Wednesday, July 25, 2007

Childhood Memories of Being a Female Gamer (Installment 1)

I've been playing video games in one form or another ever since I can remember. The best thing about being home sick with chicken pox in first grade? I could play Duck Hunt (even though the laughing dog made me angry and scared the hell out of my little brother), Super Mario Bros. and my favourite-Konami's Track and Field.

I loved that game with a passion. My mother liked it because I could get out some of my energy on the Power Pad. I thought it was awesome because the pad looked like a giant calculator, and I could get away with running (sort of) inside the house. My love for games with dance pads or anything reminiscent of the Power Pad continues to this day: I love Dance Dance Revolution (even though I am horrible at it).

My NES days were glorious. I didn't live in the best neighbourhood for being a child (most neighbours were elderly) so it was just my brother and I, and our NES. I remember constantly playing Super Mario Bros from the time I got home till the time I went to sleep, if Mom would let me.

The other video game love of my young life was my grandfather's Atari. He had a massive collection of games, from Pressure Cooker to Steeplechase to Barnstorming to Pong. I loved that Atari, and every single time I went to his house, he would let me play whatever games I liked. When I went camping with my grandparents, I would pray for a rainy day so we could be inside all day, playing Atari and eating mac and cheese. My personal favourites on the Atari were Barnstorming and Bowling.

Beyond my obsession with Atari and NES, I also recall whining for tokens anytime we were in the vicinity of an arcade. I wanted to play Pac-Man, even if it meant jumping up and down and whining to get my way. Often, I would have to request a box to stand on to play the arcade games, but I loved them, even the ones that I didn't really understand, I just pressed buttons.

When my little brother was born, I had a partner in crime for my video game obsession. He grew up to be a gamer too, and is just as obsessed as I was/am. His games of choice have diverged from mine though, he prefers Guitar Hero and DDR over my favoured RPG games.

The game I remember the most, oddly enough, is quite possibly one of the strangest games ever to be released for the NES, or even ever released.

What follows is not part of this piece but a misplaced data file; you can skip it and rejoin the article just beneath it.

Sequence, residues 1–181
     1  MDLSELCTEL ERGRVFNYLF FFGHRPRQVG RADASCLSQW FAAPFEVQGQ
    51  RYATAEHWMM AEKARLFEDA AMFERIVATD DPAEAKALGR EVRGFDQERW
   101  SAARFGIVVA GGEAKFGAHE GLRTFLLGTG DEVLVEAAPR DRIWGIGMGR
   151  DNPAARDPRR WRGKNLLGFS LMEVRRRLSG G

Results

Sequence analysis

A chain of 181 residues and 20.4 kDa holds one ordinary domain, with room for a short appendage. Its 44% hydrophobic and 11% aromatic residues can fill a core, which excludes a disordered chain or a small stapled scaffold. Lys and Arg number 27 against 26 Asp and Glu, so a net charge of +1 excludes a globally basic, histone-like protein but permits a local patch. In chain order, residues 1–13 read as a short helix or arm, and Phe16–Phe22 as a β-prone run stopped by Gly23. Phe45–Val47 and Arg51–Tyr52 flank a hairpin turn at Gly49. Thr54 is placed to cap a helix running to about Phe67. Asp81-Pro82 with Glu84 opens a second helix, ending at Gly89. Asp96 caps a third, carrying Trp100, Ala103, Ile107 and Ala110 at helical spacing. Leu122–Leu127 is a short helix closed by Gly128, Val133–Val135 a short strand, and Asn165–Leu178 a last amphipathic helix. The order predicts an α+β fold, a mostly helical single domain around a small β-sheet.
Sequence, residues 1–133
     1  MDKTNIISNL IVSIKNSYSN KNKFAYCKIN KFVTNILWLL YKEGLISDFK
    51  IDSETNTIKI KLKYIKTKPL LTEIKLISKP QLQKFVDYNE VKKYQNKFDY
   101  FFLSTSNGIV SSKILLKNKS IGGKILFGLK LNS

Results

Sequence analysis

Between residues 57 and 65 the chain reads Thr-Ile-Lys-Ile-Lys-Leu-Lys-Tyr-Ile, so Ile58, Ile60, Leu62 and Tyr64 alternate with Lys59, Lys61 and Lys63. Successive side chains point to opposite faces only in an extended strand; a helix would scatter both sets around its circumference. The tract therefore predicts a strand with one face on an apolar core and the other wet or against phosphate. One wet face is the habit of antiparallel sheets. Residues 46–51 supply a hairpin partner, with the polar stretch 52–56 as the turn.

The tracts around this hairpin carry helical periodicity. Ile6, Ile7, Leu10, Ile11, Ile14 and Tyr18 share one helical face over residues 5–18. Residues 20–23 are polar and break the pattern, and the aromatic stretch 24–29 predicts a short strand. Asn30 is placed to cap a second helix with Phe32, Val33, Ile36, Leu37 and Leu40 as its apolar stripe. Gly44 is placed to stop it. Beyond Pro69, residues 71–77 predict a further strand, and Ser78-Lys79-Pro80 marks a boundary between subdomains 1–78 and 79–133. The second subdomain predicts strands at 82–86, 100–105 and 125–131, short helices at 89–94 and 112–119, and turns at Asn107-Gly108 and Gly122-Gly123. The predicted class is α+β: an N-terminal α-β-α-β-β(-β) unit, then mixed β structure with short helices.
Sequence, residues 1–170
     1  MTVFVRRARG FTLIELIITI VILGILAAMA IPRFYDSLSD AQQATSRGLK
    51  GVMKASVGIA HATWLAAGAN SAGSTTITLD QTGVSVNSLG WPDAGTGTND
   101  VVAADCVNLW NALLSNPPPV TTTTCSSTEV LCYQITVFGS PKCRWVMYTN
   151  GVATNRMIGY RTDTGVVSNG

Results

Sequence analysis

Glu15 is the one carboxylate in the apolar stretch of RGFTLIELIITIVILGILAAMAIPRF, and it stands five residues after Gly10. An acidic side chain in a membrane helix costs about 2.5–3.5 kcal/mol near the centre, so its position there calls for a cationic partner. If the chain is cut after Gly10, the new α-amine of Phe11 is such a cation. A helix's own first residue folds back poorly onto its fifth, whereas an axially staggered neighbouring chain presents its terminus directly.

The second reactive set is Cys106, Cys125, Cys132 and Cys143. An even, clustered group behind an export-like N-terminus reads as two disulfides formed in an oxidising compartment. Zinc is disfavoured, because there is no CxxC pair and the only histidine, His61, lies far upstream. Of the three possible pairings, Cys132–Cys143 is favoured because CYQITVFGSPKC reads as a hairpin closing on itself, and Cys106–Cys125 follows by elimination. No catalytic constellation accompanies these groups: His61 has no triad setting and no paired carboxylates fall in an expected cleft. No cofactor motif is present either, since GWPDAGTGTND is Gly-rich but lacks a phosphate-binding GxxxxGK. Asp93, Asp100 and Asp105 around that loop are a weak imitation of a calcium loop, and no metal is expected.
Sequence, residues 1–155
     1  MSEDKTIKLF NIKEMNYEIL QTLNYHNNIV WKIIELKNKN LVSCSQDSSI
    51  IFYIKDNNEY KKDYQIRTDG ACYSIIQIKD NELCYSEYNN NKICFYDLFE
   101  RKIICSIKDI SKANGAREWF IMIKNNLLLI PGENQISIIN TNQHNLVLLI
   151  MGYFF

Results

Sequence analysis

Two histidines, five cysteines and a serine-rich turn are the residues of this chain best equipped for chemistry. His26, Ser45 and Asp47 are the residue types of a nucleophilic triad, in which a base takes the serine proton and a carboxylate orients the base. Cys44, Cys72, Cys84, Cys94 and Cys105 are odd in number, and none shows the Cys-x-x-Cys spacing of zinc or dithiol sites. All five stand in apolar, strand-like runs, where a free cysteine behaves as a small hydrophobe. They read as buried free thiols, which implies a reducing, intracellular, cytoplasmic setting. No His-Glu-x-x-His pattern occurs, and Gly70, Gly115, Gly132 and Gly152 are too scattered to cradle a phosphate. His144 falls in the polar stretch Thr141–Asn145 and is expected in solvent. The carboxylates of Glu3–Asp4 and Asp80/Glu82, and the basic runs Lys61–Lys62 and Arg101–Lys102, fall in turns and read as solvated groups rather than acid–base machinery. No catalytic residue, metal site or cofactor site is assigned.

This hilarious game that I have not heard mentioned that much is:
Princess Tomato in the Salad Kingdom!

I remember picking that up at the local video rental store (it came out for the NES in 1991, after being on the Famicon system in the late 80's and the Japanese computer game market before that). I pored over the package, wondering in the back of my seven year-old mind, who decided to make a game about talking vegetables? I was engrossed however, and decided to rent it. My mother was a bit confused with my choice, but rented it for me anyways.

What ensued was the most confusing gaming experience I have ever had (but one of the most enjoyable).

The plot in and of itself is fairly basic, Princess gets kidnapped by evil guy, good guy has to save her, etc. etc.

The evil Minister Pumpkin has kidnapped Princess Tomato, and you, Sir Cucumber have been commanded by your King Broccoli to save her! Along the way you meet every single vegetable possible, including your sidekick Persimmon (although whether some of these characters are fruits or vegetables are debatable, but that's another post).

This game is mainly text-based (although it does have graphics), with simple action choices (talk, pick up, throw, praise, fight, etc). Due to the NES not having a keyboard, your choices were limited to those that were listed in that scenario.

This game of anthropomorphic vegetables and simplistic RPG command system enchanted me. I thought, if there is a game about talking vegetables, there could be a game about anything! (I was right, but at the time didn't know it).

This is my first installment of a few p0sts I hope to make of my memories of a female gamer.

Mobygames has a fantastic gallery of screenshots from this wacky game, to take a jog down memory lane with me, click here for the gallery.

See You in Azeroth (or Saladoria!)


Johnny DC said...

I dig this blog.

Why dont you analyze for us the different type of male gamers.

I would think I'm actually not a "power" gamer. I've had Burning Crusader since Feb 1 about and only got to level 63. For some odd reason I really like the low levels (1-20) :q

Liz said...

I am not a power gamer either. I really like making new characters, unfortunately and trying out all of the different classes (although my preferred is warrior) and races.

I might try to analyze male gamers and their "types" however I will have to use some precaution, due to the fact that it would be unfair to pigeonhole and generalize about male gamers, as uch as it would be to do the same to female gamers!

See you in Azeroth!

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